Change is Good

rafiki

For a long time, I identified as a writer.  It was the whole of who I was, what I was, and what I wanted to do with my life.  It wasn’t until my mid-30’s when I was diagnosed with severe, advancing Rheumatoid Arthritis that it came to an end.  Writing became a frustrating struggle against medication-induced anxiety, confusion, and memory loss.  Just trying to find enough focus to be coherent through the pain I experience on a daily basis was a battle.  Eventually, I came to the realization that I could no longer be a writer.  I could still write, sure, but it would never again be the identity I lived by.

It’s been strange, letting go of that part of myself, but in a way I think it’s been liberating.  I can write when I can, but I can draw, nerd out about my various fandoms, and generally be myself without having to pigeon-hole myself into a niche I feel I can no longer fill.  I think, out of everything that may come out of this blog in the future, that’s what I want to impress upon most to my readers — especially those suffering from debilitating chronic conditions like RA.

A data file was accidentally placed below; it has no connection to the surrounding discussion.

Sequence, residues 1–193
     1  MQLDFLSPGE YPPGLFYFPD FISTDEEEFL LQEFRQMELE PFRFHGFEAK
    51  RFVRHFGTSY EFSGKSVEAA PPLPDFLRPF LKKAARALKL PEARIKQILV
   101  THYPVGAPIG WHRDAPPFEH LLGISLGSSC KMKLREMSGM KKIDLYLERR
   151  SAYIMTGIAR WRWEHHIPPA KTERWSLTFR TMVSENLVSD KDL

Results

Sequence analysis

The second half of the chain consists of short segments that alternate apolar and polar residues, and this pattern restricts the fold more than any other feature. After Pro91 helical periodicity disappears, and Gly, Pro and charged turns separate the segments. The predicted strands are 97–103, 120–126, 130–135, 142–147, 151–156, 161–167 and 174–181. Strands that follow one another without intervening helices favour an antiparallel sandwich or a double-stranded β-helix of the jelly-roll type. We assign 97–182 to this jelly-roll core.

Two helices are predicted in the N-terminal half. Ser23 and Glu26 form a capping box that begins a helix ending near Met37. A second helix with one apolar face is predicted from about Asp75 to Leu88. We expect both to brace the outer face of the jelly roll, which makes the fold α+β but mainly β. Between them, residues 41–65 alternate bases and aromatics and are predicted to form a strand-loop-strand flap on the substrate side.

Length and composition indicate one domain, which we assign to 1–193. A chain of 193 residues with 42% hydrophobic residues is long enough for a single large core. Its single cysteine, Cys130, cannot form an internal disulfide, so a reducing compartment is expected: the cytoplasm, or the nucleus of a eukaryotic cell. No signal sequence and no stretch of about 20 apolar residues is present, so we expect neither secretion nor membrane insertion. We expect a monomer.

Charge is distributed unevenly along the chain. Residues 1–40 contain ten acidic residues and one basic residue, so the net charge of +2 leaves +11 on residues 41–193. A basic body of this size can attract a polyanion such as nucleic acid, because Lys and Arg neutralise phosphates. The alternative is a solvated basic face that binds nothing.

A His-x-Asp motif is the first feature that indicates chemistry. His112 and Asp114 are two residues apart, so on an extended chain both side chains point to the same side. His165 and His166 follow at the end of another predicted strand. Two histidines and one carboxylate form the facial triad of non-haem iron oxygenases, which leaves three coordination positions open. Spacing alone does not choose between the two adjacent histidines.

Change is good!   We’re told not to give up, we’re told not to let our disease “defeat” us, we’re told all this happy-go-lucky mind-over-matter malarkey that’s better suited to motivational posters than the Reality of what we’re facing.  Changing to adapt to what your disease does to you is an intensely personal decision that only you and your immediate family, spouse, or caregiver should have any say in, because it can and will affect all of you.  Friends, extended family, co-workers — none of them matter, because they don’t have to face the daily reality of your condition(s).  At best, they see the glossed-over, Brave Face Edition of it because none of us likes to put our pain on display.

Don’t let hyper-encouragement discourage you from making the best decisions for you, your life, and your disease.   I think I’m happier now than I have been in a long time, because I finally stopped listening to what everyone else kept telling me I should be feeling or how I should be coping or what I should be doing.  I simply did what was best for me.

The decision to change wasn’t easy.  There were a lot of tears and, even now, I’m struggling to figure out who I really am in the wake of it all.  I’ll get there, though, and when I do, nothing in the ‘verse will stop me.

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